To be honest, I do not really have an idea of who the real murderer is not until the great detective Poriot told me so. I want to spoil now because what I shall tel won't really have no bearing at all. I did not really have any idea of how one of the persons could have killed Amyas. It's just that I really thought that Amyas there is secret behind his last painting. I really thought that there is some code behind the colors. I was quite wrong and quite right. That is the only thing I can spoil.

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Agatha Christie L...: January 2014 - Five Little Pigs aka Murder in Retrospect 30 101 Feb 04, 2014 10:43PM  
  • Last Ditch (Roderick Alleyn, #29)
  • Clouds of Witness (Lord Peter Wimsey Mysteries, #2)
  • The Silent Speaker (Nero Wolfe, #11)
  • They Found Him Dead (Inspector Hannasyde, #3)
  • The Case of the Late Pig (Albert Campion Mystery #8)
Agatha Christie also wrote romance novels under the pseudonym Mary Westmacott, and was occasionally published under the name Agatha Christie Mallowan.

Agatha Mary Clarissa Miller was born in Torquay, Devon, England, U.K., as the youngest of three. The Millers had two other children: Margaret Frary Miller (1879–1950), called Madge, who was eleven years Agatha's senior, and Louis Montant Miller (1880
More about Agatha Christie...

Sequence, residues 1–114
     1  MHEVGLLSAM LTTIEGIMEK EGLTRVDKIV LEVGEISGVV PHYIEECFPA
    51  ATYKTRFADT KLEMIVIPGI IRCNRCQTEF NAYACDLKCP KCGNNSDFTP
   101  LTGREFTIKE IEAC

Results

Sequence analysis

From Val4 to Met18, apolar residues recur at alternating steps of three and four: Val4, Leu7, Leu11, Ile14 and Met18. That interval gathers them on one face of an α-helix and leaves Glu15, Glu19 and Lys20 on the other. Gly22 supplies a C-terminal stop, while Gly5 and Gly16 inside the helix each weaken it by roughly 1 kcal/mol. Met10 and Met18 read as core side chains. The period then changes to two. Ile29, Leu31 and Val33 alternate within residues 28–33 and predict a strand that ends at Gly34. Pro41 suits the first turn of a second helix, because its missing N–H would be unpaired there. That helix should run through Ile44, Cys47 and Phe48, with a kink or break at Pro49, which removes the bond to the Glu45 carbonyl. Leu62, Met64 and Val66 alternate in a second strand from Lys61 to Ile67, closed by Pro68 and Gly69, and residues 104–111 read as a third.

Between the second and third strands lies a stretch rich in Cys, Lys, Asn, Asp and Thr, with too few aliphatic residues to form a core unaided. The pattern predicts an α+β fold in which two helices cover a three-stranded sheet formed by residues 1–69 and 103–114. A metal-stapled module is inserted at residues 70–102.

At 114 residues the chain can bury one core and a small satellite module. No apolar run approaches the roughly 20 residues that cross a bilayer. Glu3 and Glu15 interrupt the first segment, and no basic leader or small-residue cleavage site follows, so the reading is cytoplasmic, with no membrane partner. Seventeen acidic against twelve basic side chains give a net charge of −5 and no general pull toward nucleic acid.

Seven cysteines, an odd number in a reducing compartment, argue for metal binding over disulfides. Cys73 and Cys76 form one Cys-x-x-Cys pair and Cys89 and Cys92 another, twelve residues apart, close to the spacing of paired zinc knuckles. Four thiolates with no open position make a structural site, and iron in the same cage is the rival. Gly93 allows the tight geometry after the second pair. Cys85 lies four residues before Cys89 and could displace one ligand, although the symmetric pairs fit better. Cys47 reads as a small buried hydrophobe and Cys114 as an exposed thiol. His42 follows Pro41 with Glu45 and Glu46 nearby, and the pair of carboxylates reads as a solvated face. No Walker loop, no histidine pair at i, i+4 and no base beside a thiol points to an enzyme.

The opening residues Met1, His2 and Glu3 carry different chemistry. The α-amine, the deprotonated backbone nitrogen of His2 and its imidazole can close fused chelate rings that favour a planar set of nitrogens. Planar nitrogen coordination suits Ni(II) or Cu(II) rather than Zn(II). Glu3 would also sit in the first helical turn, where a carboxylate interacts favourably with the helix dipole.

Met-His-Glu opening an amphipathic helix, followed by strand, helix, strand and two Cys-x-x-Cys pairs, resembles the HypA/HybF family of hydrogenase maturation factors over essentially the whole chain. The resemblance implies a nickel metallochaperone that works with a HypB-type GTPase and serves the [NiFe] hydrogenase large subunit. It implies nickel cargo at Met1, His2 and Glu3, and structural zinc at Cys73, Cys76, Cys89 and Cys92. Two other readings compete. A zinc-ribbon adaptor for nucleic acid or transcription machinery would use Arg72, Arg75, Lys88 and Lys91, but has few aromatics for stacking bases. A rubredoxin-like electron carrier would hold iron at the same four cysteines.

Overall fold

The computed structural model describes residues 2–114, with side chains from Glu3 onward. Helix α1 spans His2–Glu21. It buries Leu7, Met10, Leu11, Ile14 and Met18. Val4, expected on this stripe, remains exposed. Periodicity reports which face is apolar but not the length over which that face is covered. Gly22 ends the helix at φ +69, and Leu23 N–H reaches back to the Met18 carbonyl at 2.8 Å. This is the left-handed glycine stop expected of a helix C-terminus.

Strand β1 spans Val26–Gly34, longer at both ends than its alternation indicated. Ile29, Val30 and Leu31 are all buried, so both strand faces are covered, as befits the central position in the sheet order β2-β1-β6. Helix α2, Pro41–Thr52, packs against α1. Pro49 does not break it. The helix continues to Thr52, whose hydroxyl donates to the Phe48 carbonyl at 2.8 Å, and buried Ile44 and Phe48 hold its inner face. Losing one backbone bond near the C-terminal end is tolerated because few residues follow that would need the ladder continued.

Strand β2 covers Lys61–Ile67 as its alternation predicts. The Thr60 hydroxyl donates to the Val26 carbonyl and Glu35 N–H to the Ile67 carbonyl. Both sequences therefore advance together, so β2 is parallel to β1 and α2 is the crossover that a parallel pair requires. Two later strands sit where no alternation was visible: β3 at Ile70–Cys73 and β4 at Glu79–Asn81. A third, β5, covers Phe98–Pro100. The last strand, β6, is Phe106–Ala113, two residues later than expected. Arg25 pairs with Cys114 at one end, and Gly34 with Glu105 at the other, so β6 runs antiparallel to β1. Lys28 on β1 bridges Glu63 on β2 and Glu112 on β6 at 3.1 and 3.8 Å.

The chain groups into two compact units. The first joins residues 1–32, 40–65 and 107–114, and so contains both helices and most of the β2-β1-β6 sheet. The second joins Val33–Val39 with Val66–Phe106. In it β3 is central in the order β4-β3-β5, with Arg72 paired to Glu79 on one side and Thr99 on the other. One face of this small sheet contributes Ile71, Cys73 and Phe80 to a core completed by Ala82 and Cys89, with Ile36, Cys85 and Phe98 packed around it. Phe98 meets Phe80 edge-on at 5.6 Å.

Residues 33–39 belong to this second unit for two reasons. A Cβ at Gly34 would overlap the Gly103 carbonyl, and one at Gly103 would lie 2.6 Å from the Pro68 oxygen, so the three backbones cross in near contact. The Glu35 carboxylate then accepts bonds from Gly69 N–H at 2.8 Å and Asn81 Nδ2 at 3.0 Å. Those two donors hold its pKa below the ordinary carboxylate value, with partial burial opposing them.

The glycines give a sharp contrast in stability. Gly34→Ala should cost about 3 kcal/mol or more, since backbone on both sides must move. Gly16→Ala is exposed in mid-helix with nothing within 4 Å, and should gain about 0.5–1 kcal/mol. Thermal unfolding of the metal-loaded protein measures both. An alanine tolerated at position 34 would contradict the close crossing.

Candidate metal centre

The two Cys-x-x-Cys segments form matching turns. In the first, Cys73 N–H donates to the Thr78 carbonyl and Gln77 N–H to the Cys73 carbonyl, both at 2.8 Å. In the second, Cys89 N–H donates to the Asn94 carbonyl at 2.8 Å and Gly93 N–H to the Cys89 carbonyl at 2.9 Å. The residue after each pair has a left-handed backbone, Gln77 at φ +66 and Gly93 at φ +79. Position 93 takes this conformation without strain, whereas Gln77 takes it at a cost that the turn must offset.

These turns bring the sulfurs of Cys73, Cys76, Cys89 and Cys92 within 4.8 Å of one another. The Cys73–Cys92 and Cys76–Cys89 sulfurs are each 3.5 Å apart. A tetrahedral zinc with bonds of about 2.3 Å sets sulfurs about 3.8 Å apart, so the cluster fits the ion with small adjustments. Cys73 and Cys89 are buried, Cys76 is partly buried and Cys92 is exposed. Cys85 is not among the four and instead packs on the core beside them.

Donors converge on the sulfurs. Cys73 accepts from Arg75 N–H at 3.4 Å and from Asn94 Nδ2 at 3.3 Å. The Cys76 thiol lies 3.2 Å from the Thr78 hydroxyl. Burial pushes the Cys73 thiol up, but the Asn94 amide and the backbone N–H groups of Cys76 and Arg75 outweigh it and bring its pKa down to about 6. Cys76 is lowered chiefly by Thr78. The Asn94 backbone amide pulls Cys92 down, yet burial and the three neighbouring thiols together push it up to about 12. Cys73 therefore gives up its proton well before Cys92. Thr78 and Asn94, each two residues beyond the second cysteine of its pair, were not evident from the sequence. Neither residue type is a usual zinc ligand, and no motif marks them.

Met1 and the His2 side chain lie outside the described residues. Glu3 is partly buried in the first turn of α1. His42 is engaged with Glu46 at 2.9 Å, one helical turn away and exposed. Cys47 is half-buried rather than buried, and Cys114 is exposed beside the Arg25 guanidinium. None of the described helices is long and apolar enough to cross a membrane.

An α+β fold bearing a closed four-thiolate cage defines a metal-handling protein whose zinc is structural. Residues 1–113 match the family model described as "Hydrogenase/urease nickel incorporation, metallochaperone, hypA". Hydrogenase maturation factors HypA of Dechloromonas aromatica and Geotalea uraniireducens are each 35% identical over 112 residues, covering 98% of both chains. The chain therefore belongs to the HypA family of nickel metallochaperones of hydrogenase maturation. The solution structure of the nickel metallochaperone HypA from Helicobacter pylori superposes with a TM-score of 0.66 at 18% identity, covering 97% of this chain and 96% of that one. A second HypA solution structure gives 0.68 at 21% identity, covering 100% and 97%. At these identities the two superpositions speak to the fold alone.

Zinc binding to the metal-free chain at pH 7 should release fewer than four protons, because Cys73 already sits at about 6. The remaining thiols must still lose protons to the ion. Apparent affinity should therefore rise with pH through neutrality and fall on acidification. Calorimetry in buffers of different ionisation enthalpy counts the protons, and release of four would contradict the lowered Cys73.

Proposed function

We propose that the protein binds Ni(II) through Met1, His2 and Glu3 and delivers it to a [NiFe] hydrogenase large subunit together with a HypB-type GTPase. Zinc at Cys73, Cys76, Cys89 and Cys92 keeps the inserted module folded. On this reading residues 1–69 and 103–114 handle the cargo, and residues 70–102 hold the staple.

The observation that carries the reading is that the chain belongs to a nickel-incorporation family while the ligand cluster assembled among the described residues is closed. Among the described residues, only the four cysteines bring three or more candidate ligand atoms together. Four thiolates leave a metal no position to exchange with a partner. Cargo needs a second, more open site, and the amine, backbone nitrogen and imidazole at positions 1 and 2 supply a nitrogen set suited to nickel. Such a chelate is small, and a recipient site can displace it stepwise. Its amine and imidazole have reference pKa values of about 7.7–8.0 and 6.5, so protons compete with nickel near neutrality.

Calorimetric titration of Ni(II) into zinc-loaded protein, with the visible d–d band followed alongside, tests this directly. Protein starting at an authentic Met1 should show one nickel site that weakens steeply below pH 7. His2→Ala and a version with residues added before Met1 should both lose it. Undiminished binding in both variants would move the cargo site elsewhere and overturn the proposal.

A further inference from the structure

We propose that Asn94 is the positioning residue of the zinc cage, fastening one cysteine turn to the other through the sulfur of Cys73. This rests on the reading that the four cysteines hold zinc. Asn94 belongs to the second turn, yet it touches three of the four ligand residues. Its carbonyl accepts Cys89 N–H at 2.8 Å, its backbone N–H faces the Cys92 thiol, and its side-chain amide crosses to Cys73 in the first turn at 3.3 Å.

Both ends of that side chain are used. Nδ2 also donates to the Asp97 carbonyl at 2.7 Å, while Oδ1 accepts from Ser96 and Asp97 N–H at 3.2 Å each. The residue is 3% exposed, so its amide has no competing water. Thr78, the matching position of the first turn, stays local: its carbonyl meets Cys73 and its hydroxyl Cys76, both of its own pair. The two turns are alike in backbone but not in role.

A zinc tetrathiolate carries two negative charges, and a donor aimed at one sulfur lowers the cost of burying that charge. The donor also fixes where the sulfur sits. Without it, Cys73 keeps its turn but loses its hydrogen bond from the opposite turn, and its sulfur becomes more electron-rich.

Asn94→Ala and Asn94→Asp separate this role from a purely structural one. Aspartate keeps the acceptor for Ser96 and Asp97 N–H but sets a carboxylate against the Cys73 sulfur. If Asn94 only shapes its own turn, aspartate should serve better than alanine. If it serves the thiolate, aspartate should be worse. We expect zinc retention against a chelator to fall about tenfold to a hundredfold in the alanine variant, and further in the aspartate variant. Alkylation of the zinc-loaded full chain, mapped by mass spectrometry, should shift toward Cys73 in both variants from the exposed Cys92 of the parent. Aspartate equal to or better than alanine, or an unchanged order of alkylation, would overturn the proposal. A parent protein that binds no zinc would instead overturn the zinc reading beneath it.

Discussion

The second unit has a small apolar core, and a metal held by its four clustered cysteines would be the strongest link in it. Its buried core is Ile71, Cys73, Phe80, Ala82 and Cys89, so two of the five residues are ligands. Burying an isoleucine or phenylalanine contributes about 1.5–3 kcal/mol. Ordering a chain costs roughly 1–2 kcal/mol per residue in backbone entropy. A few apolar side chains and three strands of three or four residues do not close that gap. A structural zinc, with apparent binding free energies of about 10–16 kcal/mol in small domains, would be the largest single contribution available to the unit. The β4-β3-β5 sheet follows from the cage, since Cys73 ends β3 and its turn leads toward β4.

Other Books in the Series

Hercule Poirot (1 - 10 of 42 books)
  • The Mysterious Affair at Styles (Hercule Poirot #1)
  • The Murder on the Links (Hercule Poirot #2)
  • Poirot Investigates (Hercule Poirot, #3)
  • The Murder of Roger Ackroyd (Hercule Poirot, #4)
  • The Big Four (Hercule Poirot, #5)
  • The Mystery of the Blue Train (Hercule Poirot, #6)
  • Black Coffee (Hercule Poirot, #7)
  • Peril at End House (Hercule Poirot, #8)
  • Lord Edgware Dies (Hercule Poirot, #9)
  • Murder on the Orient Express (Hercule Poirot, #10)
And Then There Were None Murder on the Orient Express (Hercule Poirot, #10) The Mysterious Affair at Styles (Hercule Poirot #1) Murder at the Vicarage (Miss Marple, #1) The Murder of Roger Ackroyd (Hercule Poirot, #4)

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“Poirot said placidly, “One does not, you know, employ merely the muscles. I do not need to bend and measure the footprints and pick up the cigarette ends and examine the bent blades of grass. It is enough for me to sit back in my chair and think. It is this – ” he tapped his egg-shaped head – “this, that functions!” 21 likes
“Juliet singles out Romeo. Desdemona claims Othello. They have no doubts, the young, no fear, no pride.” 4 likes